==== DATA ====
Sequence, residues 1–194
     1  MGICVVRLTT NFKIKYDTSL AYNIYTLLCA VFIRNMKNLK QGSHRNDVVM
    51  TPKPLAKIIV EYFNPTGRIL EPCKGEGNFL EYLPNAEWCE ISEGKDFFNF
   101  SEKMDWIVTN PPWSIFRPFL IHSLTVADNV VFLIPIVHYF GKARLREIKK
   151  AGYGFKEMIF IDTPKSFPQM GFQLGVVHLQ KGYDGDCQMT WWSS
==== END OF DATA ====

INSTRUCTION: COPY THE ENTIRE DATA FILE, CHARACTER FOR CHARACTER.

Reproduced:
Sequence, residues 1–194
     1  MGICVVRLTT NFKIKYDTSL AYNIYTLLCA VFIRNMKNLK QGSHRNDVVM
    51  TPKPLAKIIV EYFNPTGRIL EPCKGEGNFL EYLPNAEWCE ISEGKDFFNF
   101  SEKMDWIVTN PPWSIFRPFL IHSLTVADNV VFLIPIVHYF GKARLREIKK
   151  AGYGFKEMIF IDTPKSFPQM GFQLGVVHLQ KGYDGDCQMT WWSS